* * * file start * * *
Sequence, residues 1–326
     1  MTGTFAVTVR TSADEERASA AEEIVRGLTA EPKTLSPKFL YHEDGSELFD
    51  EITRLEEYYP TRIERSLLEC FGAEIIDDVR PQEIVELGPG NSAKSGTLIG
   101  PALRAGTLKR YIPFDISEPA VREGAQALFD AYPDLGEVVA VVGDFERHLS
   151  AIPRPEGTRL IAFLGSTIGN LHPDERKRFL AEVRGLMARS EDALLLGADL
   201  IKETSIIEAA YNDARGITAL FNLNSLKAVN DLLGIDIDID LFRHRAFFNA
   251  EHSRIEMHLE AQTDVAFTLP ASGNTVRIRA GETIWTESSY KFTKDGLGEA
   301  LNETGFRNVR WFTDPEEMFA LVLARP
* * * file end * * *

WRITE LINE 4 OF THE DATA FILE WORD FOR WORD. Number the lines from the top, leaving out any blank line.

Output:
   101  PALRAGTLKR YIPFDISEPA VREGAQALFD AYPDLGEVVA VVGDFERHLS